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Rodriguez v. Uhler

United States District Court, S.D. New York

January 24, 2017

NILTON RODRIGUEZ, Petitioner,
v.
DONALD UHLER, Superintendent, Upstate Correctional Facility, Respondent.

          OPINION AND ORDER

          J. PAUL OETKEN United States District Judge

         Pro se petitioner Nilton Rodriguez has filed a petition for a writ of habeas corpus pursuant to 28 U.S.C § 2254, seeking review of his conviction in the Supreme Court of New York, New York County, on one count of course of sexual conduct against a child in the first degree, New York Penal Law § 130.75(a). (Dkt. No. 1 (“Petition”).) For the reasons that follow, the Petition is denied.

         I. Background

         A. The Crimes, Indictments, and Trial

         From 1999 to 2003, Rodriguez was in a relationship with Leni, the mother of L.S., [1] the complainant in Rodriguez's underlying criminal case. They lived together in a two-bedroom apartment in Manhattan with L.S., and for part of that time with L.S.'s grandmother, Luz (Leni's mother). (Dkt. No. 13, Trial Transcript (“T”) at 35, 36, 38-39, 109-10, 113, 177-79.)[2] The relationship was volatile and there were frequent arguments. (Id. at 117-18, 181, 277.) During the course of the relationship, L.S. was between roughly six and twelve years old. (Id. at 36, 38, 179.)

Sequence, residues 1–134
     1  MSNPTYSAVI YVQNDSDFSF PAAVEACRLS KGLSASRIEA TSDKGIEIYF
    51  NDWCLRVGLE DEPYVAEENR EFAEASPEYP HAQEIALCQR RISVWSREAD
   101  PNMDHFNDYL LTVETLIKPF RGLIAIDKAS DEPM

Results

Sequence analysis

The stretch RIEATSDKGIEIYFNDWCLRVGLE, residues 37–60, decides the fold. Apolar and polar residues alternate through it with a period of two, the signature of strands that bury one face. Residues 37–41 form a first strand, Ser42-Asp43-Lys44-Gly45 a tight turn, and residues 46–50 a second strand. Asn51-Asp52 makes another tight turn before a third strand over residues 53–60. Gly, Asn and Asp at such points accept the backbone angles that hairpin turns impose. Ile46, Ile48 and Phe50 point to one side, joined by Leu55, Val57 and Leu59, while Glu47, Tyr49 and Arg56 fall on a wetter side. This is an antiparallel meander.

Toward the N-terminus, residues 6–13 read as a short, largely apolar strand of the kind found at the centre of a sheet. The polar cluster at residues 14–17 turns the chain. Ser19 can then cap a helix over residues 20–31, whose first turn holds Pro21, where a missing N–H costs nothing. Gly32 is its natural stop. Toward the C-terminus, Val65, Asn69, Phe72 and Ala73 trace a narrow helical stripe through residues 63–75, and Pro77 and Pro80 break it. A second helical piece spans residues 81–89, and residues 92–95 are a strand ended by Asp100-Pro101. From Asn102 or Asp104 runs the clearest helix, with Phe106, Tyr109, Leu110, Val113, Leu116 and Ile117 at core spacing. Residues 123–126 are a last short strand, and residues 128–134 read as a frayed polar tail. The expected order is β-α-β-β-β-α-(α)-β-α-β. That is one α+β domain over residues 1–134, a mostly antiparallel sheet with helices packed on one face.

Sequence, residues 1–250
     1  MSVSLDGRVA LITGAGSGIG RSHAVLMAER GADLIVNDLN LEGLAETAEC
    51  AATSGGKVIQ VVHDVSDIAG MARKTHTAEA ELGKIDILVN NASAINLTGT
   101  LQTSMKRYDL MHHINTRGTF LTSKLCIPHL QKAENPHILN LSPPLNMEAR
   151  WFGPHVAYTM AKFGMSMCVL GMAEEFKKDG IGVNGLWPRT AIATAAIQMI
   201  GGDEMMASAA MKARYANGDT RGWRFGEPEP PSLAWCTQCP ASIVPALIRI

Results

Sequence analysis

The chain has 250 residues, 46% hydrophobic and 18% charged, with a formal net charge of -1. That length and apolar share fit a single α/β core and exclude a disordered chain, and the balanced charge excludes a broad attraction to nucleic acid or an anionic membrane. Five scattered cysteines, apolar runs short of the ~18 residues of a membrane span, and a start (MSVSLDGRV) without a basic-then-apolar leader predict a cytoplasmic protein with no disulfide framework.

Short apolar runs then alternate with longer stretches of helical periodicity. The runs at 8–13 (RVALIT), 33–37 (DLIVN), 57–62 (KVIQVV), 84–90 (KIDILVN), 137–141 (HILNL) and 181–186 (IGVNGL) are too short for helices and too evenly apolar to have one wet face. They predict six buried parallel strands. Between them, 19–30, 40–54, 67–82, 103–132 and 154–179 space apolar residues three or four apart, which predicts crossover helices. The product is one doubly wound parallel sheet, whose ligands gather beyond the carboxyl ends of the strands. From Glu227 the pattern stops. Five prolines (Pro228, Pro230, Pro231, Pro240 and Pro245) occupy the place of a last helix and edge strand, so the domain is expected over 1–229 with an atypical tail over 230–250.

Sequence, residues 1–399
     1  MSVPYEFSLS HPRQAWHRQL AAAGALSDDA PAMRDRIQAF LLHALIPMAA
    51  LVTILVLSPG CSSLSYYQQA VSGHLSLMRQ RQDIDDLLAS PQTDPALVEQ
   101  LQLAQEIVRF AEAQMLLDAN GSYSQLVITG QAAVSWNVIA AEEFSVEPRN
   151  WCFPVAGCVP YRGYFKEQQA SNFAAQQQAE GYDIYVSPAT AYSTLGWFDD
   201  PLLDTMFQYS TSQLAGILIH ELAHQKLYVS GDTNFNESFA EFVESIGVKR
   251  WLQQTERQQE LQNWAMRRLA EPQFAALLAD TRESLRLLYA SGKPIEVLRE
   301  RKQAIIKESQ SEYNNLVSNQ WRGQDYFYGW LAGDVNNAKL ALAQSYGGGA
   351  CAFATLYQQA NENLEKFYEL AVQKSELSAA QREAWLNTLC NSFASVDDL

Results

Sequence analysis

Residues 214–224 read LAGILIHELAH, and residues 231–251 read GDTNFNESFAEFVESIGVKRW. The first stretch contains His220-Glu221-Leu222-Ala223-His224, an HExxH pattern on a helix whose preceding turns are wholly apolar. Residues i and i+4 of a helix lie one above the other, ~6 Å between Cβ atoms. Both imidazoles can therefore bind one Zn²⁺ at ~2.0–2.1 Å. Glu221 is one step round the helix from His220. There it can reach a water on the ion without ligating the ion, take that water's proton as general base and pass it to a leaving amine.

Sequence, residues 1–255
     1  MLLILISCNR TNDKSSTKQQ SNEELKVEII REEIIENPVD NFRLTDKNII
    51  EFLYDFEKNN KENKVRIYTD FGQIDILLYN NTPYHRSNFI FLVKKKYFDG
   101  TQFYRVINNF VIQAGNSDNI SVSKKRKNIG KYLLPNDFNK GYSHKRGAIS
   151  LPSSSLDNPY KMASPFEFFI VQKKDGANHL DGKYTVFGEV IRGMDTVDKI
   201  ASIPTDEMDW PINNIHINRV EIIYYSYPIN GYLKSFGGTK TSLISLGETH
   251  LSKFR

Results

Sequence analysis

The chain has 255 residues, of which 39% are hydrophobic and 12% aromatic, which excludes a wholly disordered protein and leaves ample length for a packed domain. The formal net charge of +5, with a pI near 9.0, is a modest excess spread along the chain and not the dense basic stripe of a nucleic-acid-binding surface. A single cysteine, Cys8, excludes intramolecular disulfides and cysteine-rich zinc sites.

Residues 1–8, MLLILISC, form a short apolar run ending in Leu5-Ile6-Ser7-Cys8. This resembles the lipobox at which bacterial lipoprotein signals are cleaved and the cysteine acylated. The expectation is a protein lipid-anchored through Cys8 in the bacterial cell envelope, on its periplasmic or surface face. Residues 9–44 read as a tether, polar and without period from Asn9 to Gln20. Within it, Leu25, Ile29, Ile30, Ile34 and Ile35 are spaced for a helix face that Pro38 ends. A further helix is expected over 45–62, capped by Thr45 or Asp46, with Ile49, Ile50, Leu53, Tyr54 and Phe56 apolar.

At trial, L.S. testified to repeated inappropriate contact with Rodriguez. On New Year's Eve when L.S. was six or seven years old, Rodriguez kissed her on the lips while she was in bed. (Id. at 41-44.) This kissing on the lips continued throughout their time living together, “a lot of the days of the week, not every day, but when there wasn't anybody around.” (Id. at 59, 67.) Early on, Rodriguez told L.S. not to tell anyone about what had happened. (Id. at 69-70, 75.) At some point after the initial New Year's kiss, Rodriguez on two occasions asked L.S. for a hug just after he had showered; each time she complied, and he opened his bathrobe to reveal he was naked and his penis touched her body. (Id. at 44-46.)

         When L.S. was seven years old, Rodriguez on at least three occasions touched her vagina over her underwear. (Id. at 48-51.) On one of these occasions, Rodriguez put his finger in her vagina and told her it was wet. (Id. at 50-51.) When L.S. was around eight years old, Rodriguez asked her to perform oral sex on him, to suck on his penis “like it was a lollipop.” (Id. at 52-55.) He ejaculated into her mouth and told her to swallow it “because it was good for [her], ” just like the “stuff a banana has.” (Id. at 53.) On another occasion, he asked her to perform oral sex on him again, and she again complied. (Id. at 54-55.)